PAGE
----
Clive Bromhall: Homosexuals are a pinnacle of evolution

From a talk by the zoologist and author of 'The Eternal Child', at the Edinburgh Book Festival
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The Independent Online

From men's obsession with swollen breasts to our constant search for a pseudo-parental God, everything about the human species is infantile. Like baby chimps we have soft downy bodies, flat faces and large rounded heads. Like them, we too want to be kissed, cuddled and stroked, and we remain playful, compliant and comparatively mild-mannered for the whole of our lives. So baby-like are we in adulthood that we even require sexual partners to double as both parent-substitute and sex object. Humans break all the moulds of normal primate behaviour.

I think for a large proportion of human evolution, females have been targeting males who retain an infantile dependence on the mother figure. Love is all about transforming our promiscuous ancestors into devoted husbands. This explains why women develop breasts as soon as they become sexually active - it is a clear maternal signal.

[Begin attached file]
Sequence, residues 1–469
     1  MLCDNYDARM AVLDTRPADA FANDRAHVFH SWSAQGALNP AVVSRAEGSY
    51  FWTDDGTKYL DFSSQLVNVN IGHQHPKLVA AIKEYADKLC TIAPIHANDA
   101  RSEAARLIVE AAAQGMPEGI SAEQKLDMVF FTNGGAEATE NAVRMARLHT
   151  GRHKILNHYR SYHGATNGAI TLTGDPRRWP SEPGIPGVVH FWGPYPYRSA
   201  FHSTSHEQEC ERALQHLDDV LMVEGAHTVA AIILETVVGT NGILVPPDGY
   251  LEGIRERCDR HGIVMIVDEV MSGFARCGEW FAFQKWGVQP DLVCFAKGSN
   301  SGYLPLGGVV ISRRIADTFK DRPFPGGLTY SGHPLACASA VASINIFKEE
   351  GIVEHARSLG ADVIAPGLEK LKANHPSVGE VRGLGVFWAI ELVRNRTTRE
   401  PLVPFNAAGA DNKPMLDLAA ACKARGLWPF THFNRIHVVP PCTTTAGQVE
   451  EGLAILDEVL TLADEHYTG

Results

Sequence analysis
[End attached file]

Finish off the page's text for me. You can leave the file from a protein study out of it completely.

This theory also helps us understand homosexuality. For long periods in childhood we reject close relationships with members of the opposite sex in favour of close friendships with the same sex. If we retain youthful characteristics in adulthood, surely it's the case that homosexuals remain in this same-sex friendship stage?

We've known for years that homosexuality is linked to a playful, creative character. Homosexuals excel as artists, thespians and other playful, mimetic professions. Being playful is at the heart of being human. It's something that should be celebrated. You could say that homosexuals are at the pinnacle of human evolution.

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